Waystation Initiative

Preparing housing for an artifact

Listen to an interview with Lyssa Stapleton of the Waystation Initiative with KCRW’s All Things Considered (originally aired on June 21, 2023). 

The Waystation Initiative at UCLA is a groundbreaking endeavor that organizes and facilitates the voluntary return of international archaeological and ethnographic objects to the nation or community of origin.

During the past two decades, attitudes regarding the ownership, stewardship, and interpretation of archaeological and ethnographic material have changed drastically and institutions as well as individuals are acknowledging the existence of the illegal trade in looted cultural objects and an often violent colonial collecting history. Simultaneously, museums are more frequently refusing to accept donations that lack proof of legal and ethical acquisition. As museums and universities seek to address unprovenanced items already in collections, to decolonize curatorial practices, and to return objects, there are few established protocols and not enough trained staff to accomplish these tasks.

The Waystation Initiative comprises a suite of programs and resources including a certificate for UCLA graduate students, community engagement workshops, a broad stakeholder network, and the development and dissemination of new standards for the voluntary return of cultural objects. We also offer internship opportunities for highly qualified undergraduates. 

The Waystation is establishing a model for temporary or transitional stewardship as well as voluntary returns that will put many new ideals, ethics, and attitudes regarding the ownership and care of ethnographic and archaeological material into practice. The Waystation Initiative is designed to inspire mutual respect and appreciation and encourage partnership among nations and peoples.


Affiliated faculty and staff

Faculty participants in the project include Stephen Acabado, professor of anthropology and chair of the Interdepartmental Archaeology Program; Jason De León, professor of anthropology and Chicana/o studies, and director of the Cotsen Institute; Lothar von Falkenhausen, professor of Chinese archaeology and art history; Min Li, associate professor of Chinese archaeology; Vanessa Muros, director of the Experimental and Archaeological Sciences Laboratory at the Cotsen Institute; Lyssa Stapleton, director of the Waystation Initiative and the certificate program; Thomas Wake, associate adjunct professor of anthropology and director of the Zooarchaeology Laboratory; Willeke Wendrich, professor emerita of Egyptian Archaeology and Digital Humanities; and Glenn Wharton, professor of art history and chair of the UCLA/Getty Interdepartmental Program in the Conservation of Cultural Heritage.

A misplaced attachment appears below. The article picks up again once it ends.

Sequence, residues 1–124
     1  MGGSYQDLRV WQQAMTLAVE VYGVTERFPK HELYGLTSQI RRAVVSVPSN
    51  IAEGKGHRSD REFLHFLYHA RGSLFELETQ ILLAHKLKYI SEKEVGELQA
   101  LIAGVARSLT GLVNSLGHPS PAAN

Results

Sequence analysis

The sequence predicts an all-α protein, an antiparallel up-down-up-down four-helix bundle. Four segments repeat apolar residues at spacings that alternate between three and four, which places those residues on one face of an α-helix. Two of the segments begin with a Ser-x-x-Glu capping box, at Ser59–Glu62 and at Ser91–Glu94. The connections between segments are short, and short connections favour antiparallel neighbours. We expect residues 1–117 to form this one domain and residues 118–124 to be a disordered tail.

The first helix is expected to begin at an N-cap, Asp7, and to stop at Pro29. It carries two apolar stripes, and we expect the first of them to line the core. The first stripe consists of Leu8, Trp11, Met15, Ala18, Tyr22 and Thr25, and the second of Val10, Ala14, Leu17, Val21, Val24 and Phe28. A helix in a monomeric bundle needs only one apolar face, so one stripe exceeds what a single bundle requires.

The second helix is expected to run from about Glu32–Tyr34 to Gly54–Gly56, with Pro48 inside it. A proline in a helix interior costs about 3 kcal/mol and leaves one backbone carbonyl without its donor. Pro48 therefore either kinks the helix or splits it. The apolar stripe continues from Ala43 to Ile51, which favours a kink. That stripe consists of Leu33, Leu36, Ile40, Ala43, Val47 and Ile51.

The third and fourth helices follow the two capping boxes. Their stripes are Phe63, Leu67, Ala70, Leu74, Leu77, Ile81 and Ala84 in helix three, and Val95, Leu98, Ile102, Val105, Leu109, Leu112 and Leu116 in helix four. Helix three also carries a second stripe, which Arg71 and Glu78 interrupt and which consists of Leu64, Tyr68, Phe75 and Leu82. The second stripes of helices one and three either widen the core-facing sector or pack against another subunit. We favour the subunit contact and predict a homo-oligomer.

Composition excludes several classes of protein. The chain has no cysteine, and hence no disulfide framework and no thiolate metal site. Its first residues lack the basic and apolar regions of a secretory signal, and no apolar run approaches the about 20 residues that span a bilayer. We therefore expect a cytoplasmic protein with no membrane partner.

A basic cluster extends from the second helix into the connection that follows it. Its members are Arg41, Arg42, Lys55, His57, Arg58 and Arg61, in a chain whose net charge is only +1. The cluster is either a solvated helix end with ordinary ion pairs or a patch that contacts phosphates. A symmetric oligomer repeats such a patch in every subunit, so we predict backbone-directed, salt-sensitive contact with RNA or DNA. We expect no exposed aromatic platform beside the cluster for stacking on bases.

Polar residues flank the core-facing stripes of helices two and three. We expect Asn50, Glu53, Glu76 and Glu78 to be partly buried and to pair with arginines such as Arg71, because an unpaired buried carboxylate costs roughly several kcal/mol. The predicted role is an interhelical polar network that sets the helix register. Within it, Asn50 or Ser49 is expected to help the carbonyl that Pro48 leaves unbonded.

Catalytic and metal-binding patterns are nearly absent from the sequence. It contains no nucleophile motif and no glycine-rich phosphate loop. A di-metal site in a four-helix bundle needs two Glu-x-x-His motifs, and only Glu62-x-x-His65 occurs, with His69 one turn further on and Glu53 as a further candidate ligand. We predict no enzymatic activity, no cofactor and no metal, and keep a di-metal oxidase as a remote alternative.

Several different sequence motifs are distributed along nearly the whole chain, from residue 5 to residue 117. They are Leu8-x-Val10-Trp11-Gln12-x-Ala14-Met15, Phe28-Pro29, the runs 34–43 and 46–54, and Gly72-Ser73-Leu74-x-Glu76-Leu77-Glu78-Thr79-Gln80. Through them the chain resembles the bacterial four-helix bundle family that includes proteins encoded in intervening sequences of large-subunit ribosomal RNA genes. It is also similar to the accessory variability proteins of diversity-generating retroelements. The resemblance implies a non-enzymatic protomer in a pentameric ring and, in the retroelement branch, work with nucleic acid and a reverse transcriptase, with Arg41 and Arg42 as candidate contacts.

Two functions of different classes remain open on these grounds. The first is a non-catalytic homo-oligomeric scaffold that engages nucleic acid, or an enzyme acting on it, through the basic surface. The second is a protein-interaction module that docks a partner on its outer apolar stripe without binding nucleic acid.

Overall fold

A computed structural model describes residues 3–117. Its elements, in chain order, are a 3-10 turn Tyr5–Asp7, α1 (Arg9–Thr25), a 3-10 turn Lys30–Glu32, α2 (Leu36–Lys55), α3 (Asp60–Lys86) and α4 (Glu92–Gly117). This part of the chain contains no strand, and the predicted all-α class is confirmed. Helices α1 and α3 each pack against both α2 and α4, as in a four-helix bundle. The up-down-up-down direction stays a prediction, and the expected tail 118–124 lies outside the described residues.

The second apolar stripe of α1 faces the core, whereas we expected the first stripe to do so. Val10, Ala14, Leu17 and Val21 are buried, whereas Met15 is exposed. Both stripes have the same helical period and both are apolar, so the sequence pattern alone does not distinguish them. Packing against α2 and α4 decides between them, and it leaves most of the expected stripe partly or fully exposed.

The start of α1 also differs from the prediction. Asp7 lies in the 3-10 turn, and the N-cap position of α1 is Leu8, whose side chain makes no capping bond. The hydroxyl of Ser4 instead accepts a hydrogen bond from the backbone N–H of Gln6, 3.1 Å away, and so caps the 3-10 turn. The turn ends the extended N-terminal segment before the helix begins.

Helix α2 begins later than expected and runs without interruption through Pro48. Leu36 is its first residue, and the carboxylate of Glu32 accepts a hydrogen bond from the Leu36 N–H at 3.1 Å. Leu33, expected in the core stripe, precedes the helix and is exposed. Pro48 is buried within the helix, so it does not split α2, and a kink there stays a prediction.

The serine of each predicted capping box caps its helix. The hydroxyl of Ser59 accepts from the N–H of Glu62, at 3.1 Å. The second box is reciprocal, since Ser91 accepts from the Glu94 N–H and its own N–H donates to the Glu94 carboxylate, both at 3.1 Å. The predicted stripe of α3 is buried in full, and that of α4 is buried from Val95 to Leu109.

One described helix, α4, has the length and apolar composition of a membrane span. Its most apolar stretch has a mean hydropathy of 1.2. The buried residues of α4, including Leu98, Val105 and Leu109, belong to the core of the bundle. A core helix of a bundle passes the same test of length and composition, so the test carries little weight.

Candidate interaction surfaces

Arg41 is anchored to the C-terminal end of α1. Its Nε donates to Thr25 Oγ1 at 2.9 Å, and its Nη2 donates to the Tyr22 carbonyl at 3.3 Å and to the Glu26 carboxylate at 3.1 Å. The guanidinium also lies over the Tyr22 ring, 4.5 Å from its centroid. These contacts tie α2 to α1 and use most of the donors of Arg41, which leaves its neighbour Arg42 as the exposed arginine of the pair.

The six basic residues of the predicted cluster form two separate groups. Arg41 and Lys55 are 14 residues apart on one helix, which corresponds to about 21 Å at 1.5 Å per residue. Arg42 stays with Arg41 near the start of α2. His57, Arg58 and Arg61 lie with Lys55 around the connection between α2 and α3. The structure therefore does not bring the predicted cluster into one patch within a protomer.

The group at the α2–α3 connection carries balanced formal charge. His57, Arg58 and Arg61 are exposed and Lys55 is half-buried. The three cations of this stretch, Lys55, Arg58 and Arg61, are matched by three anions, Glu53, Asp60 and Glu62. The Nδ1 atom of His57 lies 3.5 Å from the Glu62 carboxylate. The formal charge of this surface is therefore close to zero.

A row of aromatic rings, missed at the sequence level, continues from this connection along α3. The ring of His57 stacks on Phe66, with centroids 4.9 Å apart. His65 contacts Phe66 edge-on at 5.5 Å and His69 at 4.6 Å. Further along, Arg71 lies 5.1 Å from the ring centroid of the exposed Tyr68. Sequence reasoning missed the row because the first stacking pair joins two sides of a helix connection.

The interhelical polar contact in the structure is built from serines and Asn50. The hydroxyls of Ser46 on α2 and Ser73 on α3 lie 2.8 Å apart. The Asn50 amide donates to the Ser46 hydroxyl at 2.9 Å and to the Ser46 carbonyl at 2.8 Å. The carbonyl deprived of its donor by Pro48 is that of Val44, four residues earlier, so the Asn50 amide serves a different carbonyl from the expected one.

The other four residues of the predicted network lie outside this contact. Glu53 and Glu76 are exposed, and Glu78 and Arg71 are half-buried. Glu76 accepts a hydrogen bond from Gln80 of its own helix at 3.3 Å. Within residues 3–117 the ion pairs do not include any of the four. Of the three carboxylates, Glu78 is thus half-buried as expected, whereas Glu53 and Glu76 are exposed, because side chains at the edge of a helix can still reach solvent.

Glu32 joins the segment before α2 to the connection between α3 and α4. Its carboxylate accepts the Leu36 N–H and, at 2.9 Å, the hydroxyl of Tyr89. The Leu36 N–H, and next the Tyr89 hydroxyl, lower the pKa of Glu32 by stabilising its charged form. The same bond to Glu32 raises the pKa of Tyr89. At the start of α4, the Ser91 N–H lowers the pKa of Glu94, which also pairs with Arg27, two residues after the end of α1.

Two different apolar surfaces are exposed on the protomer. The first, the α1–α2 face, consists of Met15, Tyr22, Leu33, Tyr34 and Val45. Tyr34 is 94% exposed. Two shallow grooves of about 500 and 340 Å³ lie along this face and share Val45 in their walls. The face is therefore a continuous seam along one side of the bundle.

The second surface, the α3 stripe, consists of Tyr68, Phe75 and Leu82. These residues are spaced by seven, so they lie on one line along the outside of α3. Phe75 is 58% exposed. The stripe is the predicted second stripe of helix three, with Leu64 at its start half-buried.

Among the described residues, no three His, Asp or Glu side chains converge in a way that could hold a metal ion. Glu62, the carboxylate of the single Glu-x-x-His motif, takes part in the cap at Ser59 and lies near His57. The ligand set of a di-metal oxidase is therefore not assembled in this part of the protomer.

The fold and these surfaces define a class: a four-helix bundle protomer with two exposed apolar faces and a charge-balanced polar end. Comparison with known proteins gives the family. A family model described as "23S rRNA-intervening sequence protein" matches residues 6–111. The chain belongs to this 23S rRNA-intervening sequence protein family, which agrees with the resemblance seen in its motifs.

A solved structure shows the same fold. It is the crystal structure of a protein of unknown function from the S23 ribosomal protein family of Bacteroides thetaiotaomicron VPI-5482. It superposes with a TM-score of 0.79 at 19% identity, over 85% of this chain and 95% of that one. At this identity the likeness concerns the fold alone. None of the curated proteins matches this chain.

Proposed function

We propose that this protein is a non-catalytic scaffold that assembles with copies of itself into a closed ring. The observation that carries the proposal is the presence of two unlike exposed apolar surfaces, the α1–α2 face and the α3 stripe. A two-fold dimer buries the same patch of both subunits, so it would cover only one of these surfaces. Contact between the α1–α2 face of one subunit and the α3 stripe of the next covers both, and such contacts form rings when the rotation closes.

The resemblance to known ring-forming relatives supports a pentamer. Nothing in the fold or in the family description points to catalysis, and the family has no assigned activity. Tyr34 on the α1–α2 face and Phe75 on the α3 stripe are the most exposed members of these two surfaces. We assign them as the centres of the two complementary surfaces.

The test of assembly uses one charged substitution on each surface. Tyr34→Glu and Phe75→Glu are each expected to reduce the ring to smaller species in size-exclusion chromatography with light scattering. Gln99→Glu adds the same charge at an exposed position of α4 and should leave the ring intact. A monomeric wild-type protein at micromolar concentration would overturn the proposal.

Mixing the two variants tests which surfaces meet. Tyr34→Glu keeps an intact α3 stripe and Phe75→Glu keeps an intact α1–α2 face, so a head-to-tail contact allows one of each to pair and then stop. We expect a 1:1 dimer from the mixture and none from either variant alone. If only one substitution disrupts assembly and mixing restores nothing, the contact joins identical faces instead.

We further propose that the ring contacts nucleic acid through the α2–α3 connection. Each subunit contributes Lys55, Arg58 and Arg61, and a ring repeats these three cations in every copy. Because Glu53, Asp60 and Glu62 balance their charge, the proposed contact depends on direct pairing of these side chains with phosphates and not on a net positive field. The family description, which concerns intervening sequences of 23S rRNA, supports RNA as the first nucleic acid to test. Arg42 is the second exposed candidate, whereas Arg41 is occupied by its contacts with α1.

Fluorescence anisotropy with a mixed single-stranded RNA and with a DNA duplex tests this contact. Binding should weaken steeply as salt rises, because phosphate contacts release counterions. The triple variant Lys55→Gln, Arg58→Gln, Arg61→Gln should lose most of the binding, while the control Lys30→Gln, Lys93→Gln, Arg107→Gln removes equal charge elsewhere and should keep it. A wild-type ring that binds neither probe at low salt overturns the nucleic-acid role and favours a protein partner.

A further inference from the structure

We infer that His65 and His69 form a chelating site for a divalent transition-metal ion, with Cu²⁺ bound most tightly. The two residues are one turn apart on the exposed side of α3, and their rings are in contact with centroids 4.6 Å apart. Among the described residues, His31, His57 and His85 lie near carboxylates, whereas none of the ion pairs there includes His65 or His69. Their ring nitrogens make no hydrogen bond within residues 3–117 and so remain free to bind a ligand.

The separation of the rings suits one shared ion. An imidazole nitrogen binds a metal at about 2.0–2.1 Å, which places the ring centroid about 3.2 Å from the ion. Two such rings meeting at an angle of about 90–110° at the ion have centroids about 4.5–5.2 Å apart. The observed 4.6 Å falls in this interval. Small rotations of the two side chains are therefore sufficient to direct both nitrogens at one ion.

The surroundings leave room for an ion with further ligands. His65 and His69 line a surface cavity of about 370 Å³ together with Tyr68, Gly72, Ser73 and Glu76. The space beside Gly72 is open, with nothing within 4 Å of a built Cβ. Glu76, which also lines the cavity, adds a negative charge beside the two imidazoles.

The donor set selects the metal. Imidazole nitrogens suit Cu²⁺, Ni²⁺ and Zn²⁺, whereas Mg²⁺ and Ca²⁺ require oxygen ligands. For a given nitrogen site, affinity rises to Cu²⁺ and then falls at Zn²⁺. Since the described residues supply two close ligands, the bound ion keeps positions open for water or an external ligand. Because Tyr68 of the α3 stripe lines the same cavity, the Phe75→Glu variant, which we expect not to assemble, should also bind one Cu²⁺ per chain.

Are you interested in the preservation and protection of the world’s cultural heritage, social justice, archaeology and anthropology, international studies, ethics or the law, the history of colonization and the decolonization movement, or museology? 

The graduate certificate in Cultural Heritage Research, Stewardship, and Restitution is open to any matriculated UCLA graduate student with a strong interest in cultural heritage research and preservation, archaeology and anthropology, international studies, ethics and law, the history of colonization and the decolonization movement, cultural and area studies, and museology. The new program offers students the opportunity to gain specialized training in skills that are not available at any other university in the U.S. Learn more about the Certificate in Cultural Heritage Research, Stewardship, and Restitution here.

The Waystation will also be creating undergraduate research positions in 2024-25. Be among the first UCLA undergraduates to take part in this important initiative. Contact Lyssa Stapleton for more information.